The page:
Olivia Wildenstein Interview
How did you become a writer?
Back in 2009, when I was pregnant with my first child and living in Europe, I decided to become a working stay-at-home mother. Remote jobs weren’t that widespread before the pandemic. Remote jobs I felt passionate about were even scarcer. Since I adored storytelling, I plunged headfirst into the world of writing and fell in love.
What inspires you to write?
Everything. Everyone. Every trip I take and every relationship I’ve had.
Sometimes, just interacting with the cashier at the supermarket or sitting in the changing room at my gym and overhearing a conversation will spark my imagination.
How do you develop your plot and characters?
I develop them symbiotically. I start with an idea, then toss in a whole cast of characters, and that very basic idea becomes a multi-dimensional, character-driven plot.
Could you share some of your challenges as a writer?
I have two great challenges. One is time management. It may seem silly, but inspiration isn’t forever perched on my shoulder, whispering what my next line should be. Sometimes, inspiration will hit at a very impractical time—usually around six p.m.
My other great challenge as a published author is never letting my readers down.
Tell me about your protagonist. What's your favorite trait and/or weakness?
My favorite trait in my female character is actually also her weakness—empathy. It’s what drives her to save Jarod, but it’s also what ultimately dooms her.
My favorite trait in my male character is his protectiveness. There is nothing, and I really do mean nothing considering he’s the leader of the French mob, that Jarod wouldn’t do for the people he loves.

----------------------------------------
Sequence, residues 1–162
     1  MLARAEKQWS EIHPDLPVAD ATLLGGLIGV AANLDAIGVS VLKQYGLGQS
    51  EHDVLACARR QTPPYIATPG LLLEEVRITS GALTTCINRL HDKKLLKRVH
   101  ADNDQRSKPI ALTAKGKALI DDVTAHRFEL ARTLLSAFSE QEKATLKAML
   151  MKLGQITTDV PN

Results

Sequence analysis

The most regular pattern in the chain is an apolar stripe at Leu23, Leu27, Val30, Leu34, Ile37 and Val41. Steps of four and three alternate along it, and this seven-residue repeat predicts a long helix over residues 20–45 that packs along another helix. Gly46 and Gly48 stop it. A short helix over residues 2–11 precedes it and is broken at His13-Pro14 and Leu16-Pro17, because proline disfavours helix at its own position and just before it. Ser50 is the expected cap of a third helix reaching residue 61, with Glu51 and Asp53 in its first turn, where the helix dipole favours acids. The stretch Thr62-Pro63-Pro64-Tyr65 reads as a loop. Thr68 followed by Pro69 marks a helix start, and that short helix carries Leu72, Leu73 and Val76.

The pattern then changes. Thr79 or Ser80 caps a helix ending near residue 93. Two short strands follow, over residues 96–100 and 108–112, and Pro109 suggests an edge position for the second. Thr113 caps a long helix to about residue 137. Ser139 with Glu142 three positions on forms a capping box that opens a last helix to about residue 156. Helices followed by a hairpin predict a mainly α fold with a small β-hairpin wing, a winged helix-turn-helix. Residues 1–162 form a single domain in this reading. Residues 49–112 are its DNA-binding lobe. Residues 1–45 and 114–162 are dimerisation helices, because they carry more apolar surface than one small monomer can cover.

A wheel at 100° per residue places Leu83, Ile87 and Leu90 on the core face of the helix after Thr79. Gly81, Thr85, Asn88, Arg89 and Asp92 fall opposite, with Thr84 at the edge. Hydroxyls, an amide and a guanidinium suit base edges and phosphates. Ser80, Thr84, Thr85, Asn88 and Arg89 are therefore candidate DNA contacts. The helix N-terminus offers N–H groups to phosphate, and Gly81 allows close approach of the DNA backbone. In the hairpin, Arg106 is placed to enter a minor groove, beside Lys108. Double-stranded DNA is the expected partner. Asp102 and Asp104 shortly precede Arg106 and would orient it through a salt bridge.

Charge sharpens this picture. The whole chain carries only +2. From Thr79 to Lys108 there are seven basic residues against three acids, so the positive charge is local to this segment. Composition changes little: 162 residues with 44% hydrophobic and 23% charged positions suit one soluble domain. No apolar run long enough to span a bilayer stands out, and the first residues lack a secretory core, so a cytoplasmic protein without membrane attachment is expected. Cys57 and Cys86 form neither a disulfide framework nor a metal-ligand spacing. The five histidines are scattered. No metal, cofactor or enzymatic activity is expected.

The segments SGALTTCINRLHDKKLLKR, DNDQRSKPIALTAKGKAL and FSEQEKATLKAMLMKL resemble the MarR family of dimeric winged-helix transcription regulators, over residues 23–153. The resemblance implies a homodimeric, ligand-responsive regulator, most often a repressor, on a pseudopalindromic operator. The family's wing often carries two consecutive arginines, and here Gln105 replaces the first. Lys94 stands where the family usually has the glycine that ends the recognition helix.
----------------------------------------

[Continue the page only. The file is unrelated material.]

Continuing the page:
How does your antagonist create conflict?
My antagonist will always try to come between my lovers. Although not always nefarious, his or her intent is always borne of jealousy.
What are your current/future projects?
I’m currently working on The Kingdom of Crows trilogy, a highly romantic fantasy series with faeries and crow shifters, set in a world inspired by Venice and Amsterdam.
Do you have a routine you follow when writing?
I usually cue up my writing playlist (I always write to music), brew some tea, put my phone on silent, and slip into my bubble.
If you could go back in time and give yourself advice, what would it be?
Understand your audience. In self-publishing, your readers are rarely teenagers. If you write YA, make sure it’s mature enough for your audience.
Do you have any advice for aspiring writers?
They say write what you know, but I say: write what you love.
* What is your preferred method for readers to get in touch with you?